50 years ago this January, Wolfgang Amadeus Mozart was born in Salzburg, and Europe is not about to forget it: from Dublin to Daugavpils, opera houses are gearing up for the big bash. The Latvian National Opera will be performing two Mozart classics, "Don Giovanni" (20 Jan.) and "The Magic Flute" (24 Feb.), but this pales into insignificance besides the Salzburg Opera Festival's decision to stage all 22 of his operas this summer. If you fancy a trip, don't forget to pick up your Mozart yoghurt, sausage and perfume. Kitsch? Believe it.
Six months, meanwhile, is the length of time Austria has to stamp its authority on the EU during its EU presidency. For a country which bases its identity on keeping the Turks out of Europe, it looks likely to be a painful process: Austria will have to chair the process of negotiating accession talks with Ankara, to say nothing of deciding whether Bulgaria and Romania are ready to join.
If it does give them the go-ahead, one year is the amount of time the Baltics have left to enjoy their status as "cheapest bridges to Russia." With 30 million Bulgarians and Romanians eager to join the bloc, and foreign investors keen to move east, the Baltics are about to discover the meaning of "competition." There may be a silver lining, though: with the Baltic workforce still flooding west, local employers might want to think about hiring the EU's new poor, white, Christian, non-Russian members to keep their own economic booms going.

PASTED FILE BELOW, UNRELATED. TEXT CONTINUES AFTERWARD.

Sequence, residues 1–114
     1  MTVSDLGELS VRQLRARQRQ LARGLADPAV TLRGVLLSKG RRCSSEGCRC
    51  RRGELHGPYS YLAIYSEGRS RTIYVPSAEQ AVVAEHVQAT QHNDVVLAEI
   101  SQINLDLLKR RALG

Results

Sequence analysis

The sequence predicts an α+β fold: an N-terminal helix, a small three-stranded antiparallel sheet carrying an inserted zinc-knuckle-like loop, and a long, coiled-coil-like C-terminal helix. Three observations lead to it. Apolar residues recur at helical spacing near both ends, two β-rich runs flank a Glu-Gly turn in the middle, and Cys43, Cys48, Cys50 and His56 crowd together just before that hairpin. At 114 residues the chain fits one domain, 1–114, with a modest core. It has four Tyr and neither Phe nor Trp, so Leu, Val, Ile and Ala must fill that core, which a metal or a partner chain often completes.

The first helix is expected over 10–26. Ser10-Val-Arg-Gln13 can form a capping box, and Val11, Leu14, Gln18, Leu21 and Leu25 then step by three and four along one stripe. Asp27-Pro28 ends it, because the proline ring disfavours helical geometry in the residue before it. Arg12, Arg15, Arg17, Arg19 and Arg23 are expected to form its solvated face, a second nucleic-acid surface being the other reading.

Zero, however, is the chance for a decisive breakthrough in EU relations this year. The European Parliament is already threatening to reject the next budget 's at a mere 862.4 billion euros 's as "too small," while a bloc of tradition-minded members are threatening to torpedo the liberalizing EU services directive. The union's constitution is dead in the water, euroskepticism has reached all-time highs, and with Russia doing all it can to deepen the divisions, the only promise the EU will be able to keep this year is that it will keep on arguing.
Which brings us back to the Baltics. Despite Baltic politicians' talent for short-sightedness, corruption and sheer incompetence, they seem to be slowly realizing that the best way to survive in a messy union and a messy part of the world is to work together: witness their coordinated reactions to Russia fighters crash-landing, Russo-German oil pipelines and Belarusian oppression. As they celebrate the 15th anniversary of their independence, they may yet come to realise that three heads are better than one.